Rethinking Evangelism in America

Robert Schmidt*

*Robert Schmidt served as a missionary to Nigeria in the 1960s, a campus pastor at several universities, and a professor of theology at Concordia University in Portland. A fuller treatment of “The Coming Kingdom” was recently published in the Nov. 2013 issue of Missio Apostolica – The Lutheran Society for Missiology.


The first worship service I conducted in Africa, I baptized over fifty and confirmed another thirty.  We did a preaching, teaching, reaching mission in some unreached areas and the initial house calls turned into proclamations of the Gospel with fifty to one hundred people listening in at every house call. Evangelism services brought in hundreds of  villagers and in giving out tracts so many people surrounded me I wished I had at least twelve helpers for the distribution.


Needlessly to say, evangelism in America is not like that, at least in most Lutheran churches. Christmas homilies told us to be like the shepherds and make known what they had seen to tell others about Jesus. Jesus is our Savior; he died on the cross and was raised from the dead, for our salvation. Well…. yes, of course….but America is not Bethlehem at the beginning of Anno Domini, nor is it Africa in the 60’s.  People have heard the story, maybe they have not believed it, digested it, or applied it to their lives, but they have heard it. So what is the “good news?”


Whom Are We Addressing?


            In the preparation of foreign missionaries at mission school, some time is spent in acquainting new missionaries with the people they will be talking to.  Heading off to India, missionaries need to know something about Hinduism and Islam. Going to Africa or New Guinea, you will have to understand something about animism. For China and Japan, is it Buddhism, Confucianism or wait…. is it something else?  Maybe they are much more influenced for good or ill by capitalism, raw, undiluted, unchecked capitalism which has raised their standard of living, polluted their air, and set their sights on empty heavens.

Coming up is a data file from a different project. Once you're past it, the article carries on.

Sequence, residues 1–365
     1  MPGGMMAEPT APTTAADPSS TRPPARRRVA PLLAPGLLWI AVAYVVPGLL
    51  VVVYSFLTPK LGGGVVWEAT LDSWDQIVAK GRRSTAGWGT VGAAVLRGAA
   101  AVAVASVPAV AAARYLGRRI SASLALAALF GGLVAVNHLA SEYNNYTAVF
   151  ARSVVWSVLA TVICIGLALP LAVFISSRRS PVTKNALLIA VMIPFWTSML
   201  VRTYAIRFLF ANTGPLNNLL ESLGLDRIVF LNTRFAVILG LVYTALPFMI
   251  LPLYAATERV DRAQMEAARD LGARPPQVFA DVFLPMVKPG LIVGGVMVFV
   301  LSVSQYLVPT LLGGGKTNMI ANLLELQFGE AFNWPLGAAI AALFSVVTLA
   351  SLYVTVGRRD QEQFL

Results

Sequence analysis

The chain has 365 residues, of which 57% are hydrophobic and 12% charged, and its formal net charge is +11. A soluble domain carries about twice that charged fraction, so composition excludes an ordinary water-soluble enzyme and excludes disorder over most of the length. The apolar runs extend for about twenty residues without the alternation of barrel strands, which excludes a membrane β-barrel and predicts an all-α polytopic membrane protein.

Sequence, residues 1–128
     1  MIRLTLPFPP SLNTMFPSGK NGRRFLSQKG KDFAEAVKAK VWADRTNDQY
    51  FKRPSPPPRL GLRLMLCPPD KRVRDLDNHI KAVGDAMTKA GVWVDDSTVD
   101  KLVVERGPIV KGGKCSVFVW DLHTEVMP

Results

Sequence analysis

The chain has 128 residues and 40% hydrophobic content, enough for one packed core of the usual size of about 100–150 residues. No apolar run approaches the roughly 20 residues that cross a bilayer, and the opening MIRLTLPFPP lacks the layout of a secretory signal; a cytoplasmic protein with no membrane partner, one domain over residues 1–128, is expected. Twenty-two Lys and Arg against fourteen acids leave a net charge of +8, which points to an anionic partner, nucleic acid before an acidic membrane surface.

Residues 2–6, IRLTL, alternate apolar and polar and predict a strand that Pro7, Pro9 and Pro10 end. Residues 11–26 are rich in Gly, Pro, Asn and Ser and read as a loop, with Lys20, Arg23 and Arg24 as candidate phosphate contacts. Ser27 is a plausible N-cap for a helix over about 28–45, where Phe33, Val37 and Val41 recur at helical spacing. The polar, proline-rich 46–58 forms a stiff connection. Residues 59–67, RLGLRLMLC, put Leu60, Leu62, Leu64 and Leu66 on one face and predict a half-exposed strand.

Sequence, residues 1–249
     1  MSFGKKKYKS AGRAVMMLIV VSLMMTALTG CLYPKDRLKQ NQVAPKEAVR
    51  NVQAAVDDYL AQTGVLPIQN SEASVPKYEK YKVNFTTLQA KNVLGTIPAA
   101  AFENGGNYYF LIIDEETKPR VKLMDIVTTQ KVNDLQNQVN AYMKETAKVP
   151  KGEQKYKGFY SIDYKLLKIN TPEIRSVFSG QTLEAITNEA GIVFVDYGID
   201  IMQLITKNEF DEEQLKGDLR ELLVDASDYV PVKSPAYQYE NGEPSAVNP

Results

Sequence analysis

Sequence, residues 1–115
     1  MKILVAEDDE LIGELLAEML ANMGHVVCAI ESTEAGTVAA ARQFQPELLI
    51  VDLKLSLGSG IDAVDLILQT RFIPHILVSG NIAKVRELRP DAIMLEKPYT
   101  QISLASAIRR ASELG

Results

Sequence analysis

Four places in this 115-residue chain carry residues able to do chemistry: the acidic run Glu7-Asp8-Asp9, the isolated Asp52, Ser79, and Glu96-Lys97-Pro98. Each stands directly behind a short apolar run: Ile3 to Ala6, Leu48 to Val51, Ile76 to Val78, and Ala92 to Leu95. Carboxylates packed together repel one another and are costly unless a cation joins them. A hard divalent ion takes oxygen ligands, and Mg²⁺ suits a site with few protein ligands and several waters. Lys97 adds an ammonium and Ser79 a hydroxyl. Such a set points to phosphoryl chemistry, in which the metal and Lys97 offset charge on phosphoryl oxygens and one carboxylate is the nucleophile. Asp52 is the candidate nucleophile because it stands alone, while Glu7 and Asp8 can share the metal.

Who are we addressing in America?  Many of us are concerned about the growing “secularism” of America.  But is “secularism” really the best term for it?  Secularism implies an absence of religion, a naked public square.  With the first commandment in mind, Luther would likely be uncomfortable with term.  Who is the secularist’s god?  What shapes the imagination, the desires and dreams of life?  What are the fears?  Where is there despair, where is their hope?

Evangelism brings good news to people who have false and foolish gods.  Might not “capitalism” be the false and tempting god of most Americans, in church and without?


Through advertising, capitalism sets the agenda for life. It declares winners and losers. It rewards those who cut jobs, who finance political campaigns, who consume the world’s resources, and who destroy nature.  It automatically relegates to the periphery, the world’s hungry, poor, immigrants, vulnerable, ill-equipped, undereducated, permanently unemployed, and disposable people. Yes, it has raised the standard of living, provided more choices for those who can afford them, and increased the return on investment.  But in its wake, flow the flotsam and jetsam of broken dreams and wasted lives.


What’s The Good News?


            The good news is Jesus’ announcement that the kingdom of God is at hand.  Wrapped up in that “kingdom” were the promises of the prophets.  Sins would be forgiven, the hungry fed, the thirsty have water, and slaves and prisoners liberated.  People would sit under their own vine and fig tree with housing and employment. The sick would be healed and nations would beat their swords into plowshares and not learn war any more. Jesus said that the poor would have the good news (of the kingdom) preached to them.  Those on the periphery, lepers, blind, whores, and even the convicts, would have their dignity and respect restored by none other than the God who made them.


Good news was brought home as Jesus fed the hungry, healed the sick, forgave sins, restored the dignity of prostitutes and sinners, and even reconciled rulers like Pilate and Herod.  Even greater things his disciples would do.  Finally our faith would be judged on how well we have fed the hungry, given water to the thirsty, and visited the sick and imprisoned (Matt. 25).


This cornucopia of kingdom promises come as people repent and believe the good news that this kingdom is a hand (Mark 1:15). For the unemployed and vulnerable, repentance means ending destructive personal behavior and hopelessness. Even harder, however, is believing that a better life is near both personally and for society as a whole.  Here the message to those at he edge of despair is that there is hope for themselves now and in the resurrection to come.